The Responsible Path Forward on Marijuana Policy
Published November 12, 2015
Updated On August 22, 2017
Twenty-nine states have already legalized medical marijuana and eight (plus the District of Columbia) have legalized it for recreational purposes as well. All suffer from Congressional inaction on marijuana policy. So long as marijuana remains prohibited under federal law, participants in legal marijuana markets are at risk of federal prosecution, states are unable to regulate effectively, and businesses are forced to operate on a dangerous all-cash basis.
Until recently, Congress appeared to have only two choices: continue to do nothing about the conflict as marijuana laws change across the country, or cede all federal control to the states, crossing its fingers that states do a good job of regulating a newly-legal vice without any authority to step in if they don’t. But a reintroduced bill offers a more responsible path forward. The State Marihuana And Regulatory Tolerance (SMART) Enforcement Act (H.R. 3534), sponsored by Congresswoman Suzan DelBene (D-WA), would establish safe havens to protect states without giving up all federal control.
What the Bill Does
The SMART Enforcement Act grants states the ability to apply for a waiver from the marijuana prohibition in the Controlled Substances Act for a set period of time—but only if they have strict regulatory systems in place. In order to qualify, a state that has legalized medical and/or recreational marijuana will have to show it can protect federal interests, including by:
- Preventing the distribution of marijuana to minors;
- Making sure criminal enterprises, gangs, and cartels don’t get their hands on marijuana markets or revenues;
- Blocking the diversion of marijuana from a state where it is legal to other states;
- Ensuring legal marijuana activity is not used as a cover for other illegal activity or trafficking in illicit drugs;
- Preventing the use of violence or firearms in marijuana cultivation and distribution;
- Stopping drugged driving and other possible negative public health consequences of marijuana use;
- Prohibiting the growing of marijuana on public lands;
- Keeping marijuana off of federal property; and,
- Protecting consumers and patients from tainted marijuana.
Additionally, before receiving a waiver to get a safe haven from federal marijuana laws, a state would have to agree to track data on youth use, drugged driving, diversion to other states, and drug-related crime activity. That data would then be submitted in a report on the effects of legalization annually to the federal government. Each waiver would be good for three years and could be renewed indefinitely.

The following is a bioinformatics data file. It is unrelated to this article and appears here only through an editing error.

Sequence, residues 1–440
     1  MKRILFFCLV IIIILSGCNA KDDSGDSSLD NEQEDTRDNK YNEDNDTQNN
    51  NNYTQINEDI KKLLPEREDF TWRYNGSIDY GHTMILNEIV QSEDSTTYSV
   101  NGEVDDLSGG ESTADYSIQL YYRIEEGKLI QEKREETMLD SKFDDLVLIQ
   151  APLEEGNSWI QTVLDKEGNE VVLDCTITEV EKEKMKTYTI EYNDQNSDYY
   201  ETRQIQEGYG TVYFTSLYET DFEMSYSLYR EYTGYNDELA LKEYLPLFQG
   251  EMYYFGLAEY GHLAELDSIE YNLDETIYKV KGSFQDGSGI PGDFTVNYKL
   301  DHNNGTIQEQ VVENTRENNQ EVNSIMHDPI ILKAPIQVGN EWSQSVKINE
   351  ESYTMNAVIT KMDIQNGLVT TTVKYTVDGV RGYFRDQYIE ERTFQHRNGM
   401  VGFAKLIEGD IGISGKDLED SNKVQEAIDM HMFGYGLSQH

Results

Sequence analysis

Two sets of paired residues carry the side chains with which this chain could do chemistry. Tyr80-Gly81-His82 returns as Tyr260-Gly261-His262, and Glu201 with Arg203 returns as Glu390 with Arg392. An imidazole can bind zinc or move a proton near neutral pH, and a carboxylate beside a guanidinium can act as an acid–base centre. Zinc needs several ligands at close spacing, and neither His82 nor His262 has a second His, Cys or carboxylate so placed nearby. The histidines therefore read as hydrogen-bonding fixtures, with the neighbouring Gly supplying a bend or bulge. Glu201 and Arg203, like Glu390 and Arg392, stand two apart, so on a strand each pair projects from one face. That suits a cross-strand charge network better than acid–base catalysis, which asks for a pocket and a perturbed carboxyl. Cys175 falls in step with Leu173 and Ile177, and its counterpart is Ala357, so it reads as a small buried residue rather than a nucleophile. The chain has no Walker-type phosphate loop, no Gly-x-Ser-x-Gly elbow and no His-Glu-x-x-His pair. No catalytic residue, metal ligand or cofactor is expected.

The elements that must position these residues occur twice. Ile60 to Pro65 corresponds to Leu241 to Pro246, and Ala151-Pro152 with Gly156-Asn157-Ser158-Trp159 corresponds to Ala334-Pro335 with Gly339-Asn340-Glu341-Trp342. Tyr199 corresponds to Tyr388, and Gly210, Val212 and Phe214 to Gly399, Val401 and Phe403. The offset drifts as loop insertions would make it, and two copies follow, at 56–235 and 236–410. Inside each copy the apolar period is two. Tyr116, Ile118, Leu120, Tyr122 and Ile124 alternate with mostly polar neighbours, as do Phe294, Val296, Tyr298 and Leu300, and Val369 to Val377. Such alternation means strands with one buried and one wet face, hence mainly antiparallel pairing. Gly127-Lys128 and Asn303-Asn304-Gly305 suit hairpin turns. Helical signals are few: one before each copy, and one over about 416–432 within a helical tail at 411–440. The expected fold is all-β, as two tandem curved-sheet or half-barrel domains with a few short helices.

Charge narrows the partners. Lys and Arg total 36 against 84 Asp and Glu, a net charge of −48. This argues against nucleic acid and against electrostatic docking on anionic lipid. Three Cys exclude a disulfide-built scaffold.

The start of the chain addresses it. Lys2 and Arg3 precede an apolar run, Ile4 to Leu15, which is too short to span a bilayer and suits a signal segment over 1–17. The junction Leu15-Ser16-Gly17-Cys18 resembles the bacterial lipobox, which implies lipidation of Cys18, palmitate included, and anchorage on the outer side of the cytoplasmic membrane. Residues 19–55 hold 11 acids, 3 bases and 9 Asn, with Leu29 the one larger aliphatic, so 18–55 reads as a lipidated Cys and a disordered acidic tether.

Why We Need It
The SMART Enforcement Act addresses the consequence of the current legal conflict, without abandoning the ability to step in if states make bad decisions around marijuana legalization.
- The SMART Enforcement Act resolves the conflict between state legalization and federal prohibition by creating a safe haven for states with robust regulatory systems. Patients, consumers, and dispensary owners won’t have to live in fear of prosecution, now or in the future. States will be better able to regulate their markets effectively because they won’t be hamstrung by concerns that prevent state employees from being ordered to interact with marijuana—even for safety purposes like testing and labeling—for fear of being targeted by federal officials. And banks will be able to serve legal marijuana businesses, ending their need to rely on all-cash systems that are a magnet for violent crime and put communities at risk.
- Not all state marijuana legalization laws are created equal. By maintaining a role in the waiver process, this bill gives the federal government a tool to incentivize states to establish strict and effective systems that protect federal interests. The other proposed solutions to the current legal conflict would leave the federal government unable to step in to prevent drugged driving, youth access, or gang violence. That could create a wild west of marijuana, where states establish wildly differing regulatory schemes that don’t take into account federal interests or public safety, and the government’s hands would be tied.
- Because waivers need to be re-authorized every three years, this bill establishes a process for ongoing oversight, to make sure states are doing a good job of regulating marijuana responsibly, and to review the data on the longer-term effects of legalization—and course correct if necessary.
- The safe haven policy in the SMART Enforcement Act is overwhelmingly supported by the American public. Our polling found that 67% of voters supported Congress passing a law to give states with strong regulatory systems a safe haven, including 78% of Democrats, 54% of Republicans, and 74% of Independents; 71% of men and 64% of women; and nearly a quarter (21%) of voters who oppose legalizing recreational marijuana.
Congress must act on marijuana—the political headwinds, the realities on the ground, and public opinion are clear. But it is also crucial to act in a smart way, not simply creating a national free-for-all. That means passing the SMART Enforcement Act to establish a safe haven for states with strong regulatory systems. Doing so would be both good policy and good politics.
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